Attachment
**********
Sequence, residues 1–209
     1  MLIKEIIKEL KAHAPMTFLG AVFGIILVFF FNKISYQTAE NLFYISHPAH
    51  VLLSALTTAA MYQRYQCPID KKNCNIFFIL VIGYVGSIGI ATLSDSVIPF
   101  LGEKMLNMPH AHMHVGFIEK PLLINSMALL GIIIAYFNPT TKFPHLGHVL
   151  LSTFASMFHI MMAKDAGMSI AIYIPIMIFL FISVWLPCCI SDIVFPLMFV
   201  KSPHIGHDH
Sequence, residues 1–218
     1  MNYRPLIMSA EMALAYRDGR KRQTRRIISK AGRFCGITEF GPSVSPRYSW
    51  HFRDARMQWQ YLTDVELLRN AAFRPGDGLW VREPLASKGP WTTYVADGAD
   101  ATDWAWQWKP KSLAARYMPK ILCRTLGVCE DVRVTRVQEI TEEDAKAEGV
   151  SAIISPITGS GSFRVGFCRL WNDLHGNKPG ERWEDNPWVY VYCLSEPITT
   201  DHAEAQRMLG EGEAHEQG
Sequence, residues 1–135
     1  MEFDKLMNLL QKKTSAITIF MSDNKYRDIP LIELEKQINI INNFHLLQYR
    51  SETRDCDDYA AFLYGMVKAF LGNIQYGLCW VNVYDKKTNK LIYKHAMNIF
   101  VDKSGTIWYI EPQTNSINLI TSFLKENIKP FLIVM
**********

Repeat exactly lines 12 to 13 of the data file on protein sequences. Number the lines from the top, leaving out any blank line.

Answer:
   201  DHAEAQRMLG EGEAHEQG
Sequence, residues 1–135